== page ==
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Rheological Properties of Yogurt Made with Encapsulated Nonropy Lactic Cultures

Journal of Dairy Science
American Dairy Science Association
DOI: 10.3168/jds.s0022-0302(96)76582-7
  • Dairy Foods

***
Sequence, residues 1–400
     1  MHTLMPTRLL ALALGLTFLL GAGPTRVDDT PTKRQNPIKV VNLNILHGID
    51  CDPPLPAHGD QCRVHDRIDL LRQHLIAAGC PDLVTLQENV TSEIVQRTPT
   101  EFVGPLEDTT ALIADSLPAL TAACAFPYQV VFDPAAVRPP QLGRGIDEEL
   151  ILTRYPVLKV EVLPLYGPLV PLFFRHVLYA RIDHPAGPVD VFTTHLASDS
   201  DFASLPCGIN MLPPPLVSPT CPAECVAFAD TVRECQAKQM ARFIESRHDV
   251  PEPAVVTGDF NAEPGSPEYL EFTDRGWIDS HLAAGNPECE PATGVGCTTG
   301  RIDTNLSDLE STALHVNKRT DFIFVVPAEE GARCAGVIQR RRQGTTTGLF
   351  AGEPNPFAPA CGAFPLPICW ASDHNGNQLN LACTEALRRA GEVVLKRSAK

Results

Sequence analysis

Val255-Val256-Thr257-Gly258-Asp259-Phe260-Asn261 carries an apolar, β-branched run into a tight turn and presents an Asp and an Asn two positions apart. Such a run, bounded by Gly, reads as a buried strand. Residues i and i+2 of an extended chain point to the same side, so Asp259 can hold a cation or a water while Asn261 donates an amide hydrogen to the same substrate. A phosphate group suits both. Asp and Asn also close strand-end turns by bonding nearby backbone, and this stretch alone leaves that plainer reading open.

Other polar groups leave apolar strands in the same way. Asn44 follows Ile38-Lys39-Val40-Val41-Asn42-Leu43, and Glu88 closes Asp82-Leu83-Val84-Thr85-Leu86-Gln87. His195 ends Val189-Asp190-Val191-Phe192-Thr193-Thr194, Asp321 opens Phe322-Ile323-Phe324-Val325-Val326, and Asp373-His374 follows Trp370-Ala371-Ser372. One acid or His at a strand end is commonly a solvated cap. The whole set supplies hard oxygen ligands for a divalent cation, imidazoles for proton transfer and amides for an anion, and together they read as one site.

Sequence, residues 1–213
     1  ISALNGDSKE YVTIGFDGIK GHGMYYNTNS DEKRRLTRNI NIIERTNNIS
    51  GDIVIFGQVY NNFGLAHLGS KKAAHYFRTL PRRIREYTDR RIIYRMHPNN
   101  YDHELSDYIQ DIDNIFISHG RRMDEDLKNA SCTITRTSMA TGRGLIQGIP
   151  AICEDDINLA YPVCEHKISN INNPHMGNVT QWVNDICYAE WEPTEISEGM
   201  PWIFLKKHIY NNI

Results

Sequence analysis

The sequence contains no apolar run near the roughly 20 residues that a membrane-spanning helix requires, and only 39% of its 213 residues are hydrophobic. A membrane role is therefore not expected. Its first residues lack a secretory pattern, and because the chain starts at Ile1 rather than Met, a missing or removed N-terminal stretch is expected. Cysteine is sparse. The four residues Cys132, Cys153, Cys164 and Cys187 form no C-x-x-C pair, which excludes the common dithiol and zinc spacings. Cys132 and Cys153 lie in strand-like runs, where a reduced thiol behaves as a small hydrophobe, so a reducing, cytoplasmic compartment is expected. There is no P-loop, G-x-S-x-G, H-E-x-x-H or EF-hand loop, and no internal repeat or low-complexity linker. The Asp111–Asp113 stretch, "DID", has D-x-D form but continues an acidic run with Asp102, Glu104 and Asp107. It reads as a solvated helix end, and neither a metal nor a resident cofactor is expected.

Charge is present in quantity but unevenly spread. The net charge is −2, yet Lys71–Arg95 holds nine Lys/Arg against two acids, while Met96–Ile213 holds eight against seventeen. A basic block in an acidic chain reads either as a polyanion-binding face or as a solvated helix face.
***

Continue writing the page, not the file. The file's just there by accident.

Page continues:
Abstract Rheological properties were determined for skim milk that had been fermented with ropy cultures, nonropy encapsulated cultures, and nonropy unencapsulated cultures. Reconstituted NDM was cultured with single strains or combinations of Streptococcus thermophilus and Lactobacillus delbrueckii ssp. bulgaricus at 37°C until the desired pH (4.6 for single-strain yogurt and 4.2 for mixed-strain yogurt) was attained. Yogurt made with encapsulated nonropy strains had higher shear stress values than yogurt made with unencapsulated nonropy strains. Ropy strains produced yogurts with the highest shear stress values. The consistency coefficient (upward flow) and apparent viscosity (downward flow) of yogurt made with encapsulated nonropy strains were higher than those of yogurt made with unencapsulated nonropy strains. Encapsulated nonropy mixed cultures produced yogurt that had a higher stability index than that of yogurts made with ropy and unencapsulated nonropy strains. Bacterial capsules might cause weak points within the gel structure, resulting in a product with lower values for shear stress. Although both types of polysaccharides (capsular and ropy slime) influenced the rheological properties of yogurt, each produced different effects. Slime polysaccharides produced a stretchable structure unlike capsular polysaccharide, but both polysaccharides increased viscosity.

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